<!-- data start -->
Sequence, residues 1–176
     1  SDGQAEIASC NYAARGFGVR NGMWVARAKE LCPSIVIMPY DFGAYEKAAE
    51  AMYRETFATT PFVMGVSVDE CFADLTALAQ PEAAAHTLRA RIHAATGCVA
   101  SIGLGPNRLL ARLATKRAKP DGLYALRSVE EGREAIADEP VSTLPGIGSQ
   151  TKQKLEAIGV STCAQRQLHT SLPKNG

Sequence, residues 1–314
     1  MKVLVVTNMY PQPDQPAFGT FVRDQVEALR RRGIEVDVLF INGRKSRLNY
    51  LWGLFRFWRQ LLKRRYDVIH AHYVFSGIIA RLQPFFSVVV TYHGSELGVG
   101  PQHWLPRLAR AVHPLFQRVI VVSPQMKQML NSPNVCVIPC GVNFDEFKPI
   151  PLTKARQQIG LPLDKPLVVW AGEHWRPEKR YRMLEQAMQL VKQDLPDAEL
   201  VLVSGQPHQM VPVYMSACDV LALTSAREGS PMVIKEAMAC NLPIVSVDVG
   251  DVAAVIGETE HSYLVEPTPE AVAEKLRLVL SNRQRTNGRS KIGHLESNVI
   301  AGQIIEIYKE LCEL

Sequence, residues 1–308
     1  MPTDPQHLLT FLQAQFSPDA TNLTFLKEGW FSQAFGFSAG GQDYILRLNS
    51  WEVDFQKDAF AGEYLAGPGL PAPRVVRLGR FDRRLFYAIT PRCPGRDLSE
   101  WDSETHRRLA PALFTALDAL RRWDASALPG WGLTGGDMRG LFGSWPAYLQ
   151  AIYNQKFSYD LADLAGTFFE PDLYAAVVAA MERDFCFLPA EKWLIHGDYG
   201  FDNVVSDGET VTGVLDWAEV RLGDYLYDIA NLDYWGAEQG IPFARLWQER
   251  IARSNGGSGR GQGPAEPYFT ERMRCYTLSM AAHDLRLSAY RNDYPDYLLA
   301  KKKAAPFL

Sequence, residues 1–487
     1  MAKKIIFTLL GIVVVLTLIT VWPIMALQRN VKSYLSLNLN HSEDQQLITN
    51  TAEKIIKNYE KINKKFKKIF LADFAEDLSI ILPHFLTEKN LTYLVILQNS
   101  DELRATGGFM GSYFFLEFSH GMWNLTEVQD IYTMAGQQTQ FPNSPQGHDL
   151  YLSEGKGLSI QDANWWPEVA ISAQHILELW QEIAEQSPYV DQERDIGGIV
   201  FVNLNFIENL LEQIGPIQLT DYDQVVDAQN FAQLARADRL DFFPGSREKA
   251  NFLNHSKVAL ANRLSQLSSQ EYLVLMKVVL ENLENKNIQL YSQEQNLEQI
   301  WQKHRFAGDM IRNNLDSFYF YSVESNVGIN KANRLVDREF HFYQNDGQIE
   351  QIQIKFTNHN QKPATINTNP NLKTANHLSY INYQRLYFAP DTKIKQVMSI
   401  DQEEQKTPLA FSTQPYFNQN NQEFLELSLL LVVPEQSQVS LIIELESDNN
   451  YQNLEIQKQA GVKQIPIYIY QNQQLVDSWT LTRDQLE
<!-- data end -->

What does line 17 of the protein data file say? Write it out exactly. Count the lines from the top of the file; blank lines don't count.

   101  WDSETHRRLA PALFTALDAL RRWDASALPG WGLTGGDMRG LFGSWPAYLQ